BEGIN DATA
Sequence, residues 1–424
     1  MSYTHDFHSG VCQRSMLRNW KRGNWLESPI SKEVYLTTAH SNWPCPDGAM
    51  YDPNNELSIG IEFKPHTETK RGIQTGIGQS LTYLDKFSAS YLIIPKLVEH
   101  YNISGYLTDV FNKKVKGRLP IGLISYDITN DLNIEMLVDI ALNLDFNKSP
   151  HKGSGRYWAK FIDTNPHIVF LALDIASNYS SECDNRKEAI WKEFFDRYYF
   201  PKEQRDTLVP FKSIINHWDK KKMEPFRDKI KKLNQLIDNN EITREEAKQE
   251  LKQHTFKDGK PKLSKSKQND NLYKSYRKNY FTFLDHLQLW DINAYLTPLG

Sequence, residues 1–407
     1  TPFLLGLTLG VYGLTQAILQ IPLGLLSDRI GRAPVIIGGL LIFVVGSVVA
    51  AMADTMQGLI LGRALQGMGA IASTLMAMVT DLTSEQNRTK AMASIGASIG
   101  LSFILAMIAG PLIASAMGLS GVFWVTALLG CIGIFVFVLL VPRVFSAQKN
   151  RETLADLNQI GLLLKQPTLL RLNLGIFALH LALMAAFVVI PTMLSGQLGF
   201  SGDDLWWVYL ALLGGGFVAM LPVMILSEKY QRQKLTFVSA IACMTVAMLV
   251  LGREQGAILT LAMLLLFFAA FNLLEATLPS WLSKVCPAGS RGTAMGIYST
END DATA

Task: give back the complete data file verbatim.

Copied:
Sequence, residues 1–424
     1  MSYTHDFHSG VCQRSMLRNW KRGNWLESPI SKEVYLTTAH SNWPCPDGAM
    51  YDPNNELSIG IEFKPHTETK RGIQTGIGQS LTYLDKFSAS YLIIPKLVEH
   101  YNISGYLTDV FNKKVKGRLP IGLISYDITN DLNIEMLVDI ALNLDFNKSP
   151  HKGSGRYWAK FIDTNPHIVF LALDIASNYS SECDNRKEAI WKEFFDRYYF
   201  PKEQRDTLVP FKSIINHWDK KKMEPFRDKI KKLNQLIDNN EITREEAKQE
   251  LKQHTFKDGK PKLSKSKQND NLYKSYRKNY FTFLDHLQLW DINAYLTPLG

Sequence, residues 1–407
     1  TPFLLGLTLG VYGLTQAILQ IPLGLLSDRI GRAPVIIGGL LIFVVGSVVA
    51  AMADTMQGLI LGRALQGMGA IASTLMAMVT DLTSEQNRTK AMASIGASIG
   101  LSFILAMIAG PLIASAMGLS GVFWVTALLG CIGIFVFVLL VPRVFSAQKN
   151  RETLADLNQI GLLLKQPTLL RLNLGIFALH LALMAAFVVI PTMLSGQLGF
   201  SGDDLWWVYL ALLGGGFVAM LPVMILSEKY QRQKLTFVSA IACMTVAMLV
   251  LGREQGAILT LAMLLLFFAA FNLLEATLPS WLSKVCPAGS RGTAMGIYST